Now surely, I understand intellectually that my body's inability to absorb nutrients adversely affects my health. In fact, I have finally accepted that I will most probably never regain the level of health I had prior to my car accident(chasve shalom [again]). But to get the news that I was already in the health dumpster? Pretty harsh news, to say the least.

I am now in the midst of taking all necessary measures to address each medical issue. And I can't say that I'm not nervous; both the best case and worst case scenarios they're positing aren't good. Yet I'm remaining positive, following my general strategy of remaining optimistic until I have concrete evidence that I should tone down the optimism.

After all, in life, you've got to roll with the punches. And where will being all Eeeyore-ish get me anyway, even if I did decide to be all "it's my birthday and nobody remembered"? Not very far, that's where. Better instead to be a Tigger, trust in Hashem no matter what the outcome, and hope for the best.

It is, after all, His World, B'H".

Sunday, May 9, 2010

Count with Me

I am now notorious.

I went shopping at my local pharmacy and the cashier that checked out my items said "I know you" with a laugh. Well, I remember her as well. :)

A few weeks ago, I shopped at the said pharmacy with a rain cheque. Actually, since the given shop almost always runs out of sale items by the time I go shopping on Sunday, I typically have rain cheques when they ring up my purchases.

However, the rain cheque that day was unusual. Rather than stating a sale price, the rain cheque was for 40% of the regular price. I had the same cashier as I did today, and she said, "Oh, I'm not good with math". She called the assistant manager. While we were waiting, I said to her, "Look, 10% of $21.99 is $2.19, right? So $2.19 x 4 = $8.76". She said, no that wasn't right.

By then, the assistant manager arrived. I went through my calculations again with her. She said, no, it should be something like $18. When I started doing my calculation yet again, the cashier decided they should call one of the guys from the back. "_____ is good at math", said the cashier; "_____ is real smart", said the assistant manager. They decided to call both guys to the front to assist.

Mr. Good with Math said it should be $7-ish. I started yet again chanting out loud, when Mr. Smart decided to whip out a calculator. He announced that I was right. The assistant manager then said that no, I had been saying $8.76, when the amount was $13.23.

That's when I realised: I had been stating the amount to be deducted from the full price. So I said to her "I'm sorry, I wasn't clear: I meant that we needed to subtract $8.76 from the original price". She then softened and we all made nice. We had both been right. ;)

Now the part of this whole saga that disturbed me is that these were all college-age workers. That they had gone through the New York school system and remained unable to do basic calculations in their head was, well, shocking. Maybe I'm naive, but that it should have taken 4 workers 10 minutes to calculate what to charge me is a complete disgrace. At fifteen, my very first job involved bookkeeping. And you'd better believe there were no digital devices involved: I calculated in my head or by long-hand.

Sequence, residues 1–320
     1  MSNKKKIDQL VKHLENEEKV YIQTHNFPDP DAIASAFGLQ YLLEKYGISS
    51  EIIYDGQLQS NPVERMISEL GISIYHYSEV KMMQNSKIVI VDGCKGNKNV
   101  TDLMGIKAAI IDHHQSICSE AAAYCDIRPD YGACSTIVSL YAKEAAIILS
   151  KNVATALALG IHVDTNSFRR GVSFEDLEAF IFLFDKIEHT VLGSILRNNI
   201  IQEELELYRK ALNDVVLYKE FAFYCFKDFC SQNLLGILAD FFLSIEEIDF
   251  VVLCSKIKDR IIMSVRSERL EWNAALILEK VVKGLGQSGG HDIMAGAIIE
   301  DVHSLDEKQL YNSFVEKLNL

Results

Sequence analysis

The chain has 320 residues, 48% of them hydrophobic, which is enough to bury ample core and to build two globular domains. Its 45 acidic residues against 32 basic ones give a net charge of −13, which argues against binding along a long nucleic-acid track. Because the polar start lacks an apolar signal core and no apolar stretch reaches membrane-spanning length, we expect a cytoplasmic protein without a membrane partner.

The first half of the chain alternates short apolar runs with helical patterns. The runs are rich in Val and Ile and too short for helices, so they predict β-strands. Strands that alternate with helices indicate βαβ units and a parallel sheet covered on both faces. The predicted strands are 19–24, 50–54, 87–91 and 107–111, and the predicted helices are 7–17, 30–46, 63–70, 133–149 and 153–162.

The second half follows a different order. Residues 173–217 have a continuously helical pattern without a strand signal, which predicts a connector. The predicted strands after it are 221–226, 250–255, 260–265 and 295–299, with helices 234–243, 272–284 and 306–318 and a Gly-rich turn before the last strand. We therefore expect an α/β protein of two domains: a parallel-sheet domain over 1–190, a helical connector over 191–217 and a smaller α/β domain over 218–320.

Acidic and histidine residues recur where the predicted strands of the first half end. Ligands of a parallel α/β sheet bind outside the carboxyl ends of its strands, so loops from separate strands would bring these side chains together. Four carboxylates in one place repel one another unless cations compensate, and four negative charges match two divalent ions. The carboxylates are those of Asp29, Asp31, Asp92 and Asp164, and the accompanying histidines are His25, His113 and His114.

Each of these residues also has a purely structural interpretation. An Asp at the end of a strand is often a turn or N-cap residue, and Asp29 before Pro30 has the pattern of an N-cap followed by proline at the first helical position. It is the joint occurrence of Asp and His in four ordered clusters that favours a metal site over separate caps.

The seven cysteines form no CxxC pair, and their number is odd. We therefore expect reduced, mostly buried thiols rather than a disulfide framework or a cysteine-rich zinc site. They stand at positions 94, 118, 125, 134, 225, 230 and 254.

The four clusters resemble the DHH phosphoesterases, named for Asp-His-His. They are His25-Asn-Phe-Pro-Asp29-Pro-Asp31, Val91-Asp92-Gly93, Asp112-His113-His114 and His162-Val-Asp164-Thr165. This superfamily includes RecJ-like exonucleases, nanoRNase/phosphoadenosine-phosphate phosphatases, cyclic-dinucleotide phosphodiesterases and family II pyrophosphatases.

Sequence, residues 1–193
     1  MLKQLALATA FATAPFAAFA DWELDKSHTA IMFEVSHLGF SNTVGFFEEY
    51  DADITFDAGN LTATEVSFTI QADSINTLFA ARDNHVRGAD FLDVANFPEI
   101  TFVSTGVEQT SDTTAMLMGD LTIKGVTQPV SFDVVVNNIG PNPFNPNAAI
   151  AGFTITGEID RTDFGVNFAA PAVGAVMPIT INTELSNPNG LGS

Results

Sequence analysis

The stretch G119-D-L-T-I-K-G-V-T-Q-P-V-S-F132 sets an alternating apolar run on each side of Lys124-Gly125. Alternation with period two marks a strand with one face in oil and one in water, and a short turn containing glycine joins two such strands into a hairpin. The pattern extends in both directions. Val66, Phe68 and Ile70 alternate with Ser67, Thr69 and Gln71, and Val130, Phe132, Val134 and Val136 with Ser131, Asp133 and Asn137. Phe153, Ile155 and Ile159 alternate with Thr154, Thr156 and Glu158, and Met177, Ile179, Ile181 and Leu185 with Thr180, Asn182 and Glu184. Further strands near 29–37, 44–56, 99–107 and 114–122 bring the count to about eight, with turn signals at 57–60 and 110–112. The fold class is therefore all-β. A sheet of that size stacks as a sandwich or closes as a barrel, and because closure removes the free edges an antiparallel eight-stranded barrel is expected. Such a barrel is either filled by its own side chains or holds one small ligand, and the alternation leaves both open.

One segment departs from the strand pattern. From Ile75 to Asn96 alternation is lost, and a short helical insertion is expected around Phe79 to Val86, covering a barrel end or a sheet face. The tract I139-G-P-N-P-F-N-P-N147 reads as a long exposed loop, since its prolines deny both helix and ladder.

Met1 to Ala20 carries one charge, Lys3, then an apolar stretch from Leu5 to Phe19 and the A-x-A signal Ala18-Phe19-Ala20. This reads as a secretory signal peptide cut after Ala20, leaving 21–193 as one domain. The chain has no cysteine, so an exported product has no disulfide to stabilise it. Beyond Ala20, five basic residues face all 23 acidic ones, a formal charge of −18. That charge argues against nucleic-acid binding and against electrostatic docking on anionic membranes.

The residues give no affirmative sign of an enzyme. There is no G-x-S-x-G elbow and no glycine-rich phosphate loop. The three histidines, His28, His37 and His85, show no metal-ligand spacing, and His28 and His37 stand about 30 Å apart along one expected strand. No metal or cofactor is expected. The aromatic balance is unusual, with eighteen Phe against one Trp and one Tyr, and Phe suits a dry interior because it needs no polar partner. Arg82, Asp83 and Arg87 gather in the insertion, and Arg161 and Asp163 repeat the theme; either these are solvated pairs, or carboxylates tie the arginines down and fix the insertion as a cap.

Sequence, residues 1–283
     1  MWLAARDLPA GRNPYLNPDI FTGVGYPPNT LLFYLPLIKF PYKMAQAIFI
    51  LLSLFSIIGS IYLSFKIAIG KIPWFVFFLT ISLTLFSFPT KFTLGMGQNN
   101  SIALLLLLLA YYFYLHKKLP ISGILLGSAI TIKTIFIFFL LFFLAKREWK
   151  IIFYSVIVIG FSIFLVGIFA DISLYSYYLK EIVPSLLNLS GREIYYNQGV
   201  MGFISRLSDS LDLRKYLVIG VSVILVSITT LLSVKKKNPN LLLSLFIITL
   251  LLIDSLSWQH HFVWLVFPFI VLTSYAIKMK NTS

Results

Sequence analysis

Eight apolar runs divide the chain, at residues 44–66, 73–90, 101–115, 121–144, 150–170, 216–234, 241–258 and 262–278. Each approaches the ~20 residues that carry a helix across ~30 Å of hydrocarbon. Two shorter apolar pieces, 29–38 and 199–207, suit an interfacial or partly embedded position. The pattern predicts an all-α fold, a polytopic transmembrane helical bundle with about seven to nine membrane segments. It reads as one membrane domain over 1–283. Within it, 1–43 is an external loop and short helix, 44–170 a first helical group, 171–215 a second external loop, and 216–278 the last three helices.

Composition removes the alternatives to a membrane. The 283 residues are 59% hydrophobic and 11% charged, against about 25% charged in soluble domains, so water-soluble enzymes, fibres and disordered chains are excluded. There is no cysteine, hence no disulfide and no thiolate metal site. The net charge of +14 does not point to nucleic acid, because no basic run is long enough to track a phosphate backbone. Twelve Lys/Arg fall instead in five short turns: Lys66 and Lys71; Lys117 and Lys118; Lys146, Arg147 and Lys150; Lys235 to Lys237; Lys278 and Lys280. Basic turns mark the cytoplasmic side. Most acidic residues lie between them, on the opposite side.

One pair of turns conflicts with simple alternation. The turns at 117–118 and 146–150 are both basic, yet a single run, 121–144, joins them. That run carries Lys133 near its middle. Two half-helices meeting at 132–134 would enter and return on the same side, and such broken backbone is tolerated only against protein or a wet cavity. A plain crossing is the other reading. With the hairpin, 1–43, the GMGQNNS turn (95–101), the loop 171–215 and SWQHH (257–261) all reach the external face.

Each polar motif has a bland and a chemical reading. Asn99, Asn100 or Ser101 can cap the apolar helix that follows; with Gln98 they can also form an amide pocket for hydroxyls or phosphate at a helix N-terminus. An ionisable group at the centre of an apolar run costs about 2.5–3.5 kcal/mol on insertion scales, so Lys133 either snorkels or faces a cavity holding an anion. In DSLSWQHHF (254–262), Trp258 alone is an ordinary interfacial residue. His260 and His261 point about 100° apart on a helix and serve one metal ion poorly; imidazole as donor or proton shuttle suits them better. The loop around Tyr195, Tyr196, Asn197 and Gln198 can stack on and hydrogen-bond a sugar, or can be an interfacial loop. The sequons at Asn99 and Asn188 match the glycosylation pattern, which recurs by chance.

To their credit, the people who work at the pharmacy are really nice. Certainly more cordial than another pharmacy on Kings Highway, which shall remain nameless. So while it's selection may not be on par with yet another pharmacy on Kings Highway, the rain cheque pharmacy remains my preferred shopping location. Why deal with snippy cashiers if you can deal with nice ones?

Still, where the 3 Rs are concerned, I think Mr. Bloomberg might want to reconsider that teacher budget cut he just announced, if my experience that Sunday is any indication. Because do we want another generation of New Yorkers who are handicapped where basic life skills are concerned? I sure hope not...

Tuesday, May 4, 2010

Laugh Too Much

A tidbit from my weekly shopping expedition.

I was in the pet shop, getting tchatchkis for Ms. Furry Furball. As I was waiting for the cashier to ring up my purchases, there was a boy playing with a dog toy. The toy emitted an obscene and annoying sound, as the boy squeezed the toy at least a dozen times.

Since the sound was so bizarre, I kept laughing. And while the cashier rang up my purchases, he rolled his eyes. I said "That sound could get annoying" and laughed again.

After he finished up with me, a woman came into line behind me. Inexplicably, the cashier walked away with my receipt. So I stood there waiting for him to return. It was during this minute or so that the woman spoke to me:

"You laugh a lot".

I realised that she was offended and I tried to figure out why. Then it occurred to me that perhaps the boy was her son, and she didn't like that I had been laughing. So I said "The toy makes a funny sound" and laughed a bit again. She hadn't taken the bait.

"It's funny to you?"

At which point I had the seichel to just ignore her.

What I found interesting about the entire exchange is that she was so offended. How could she interpret my laughing as an affront to her son? It seemed bizarre. But even more to the point, it was obvious that she is so miserable that she deemed me a nutcase because I could laugh at something so simple as a dog toy.

It occurred to me then that people in New York don't laugh. In my hometown, people laugh a lot. I suppose it's part of our mentality; you laugh off all the absurdities that come at you in life versus getting all tied up in a knot. Evidently Ms. Pet Shop hadn't learned that skill yet. And how sad for her.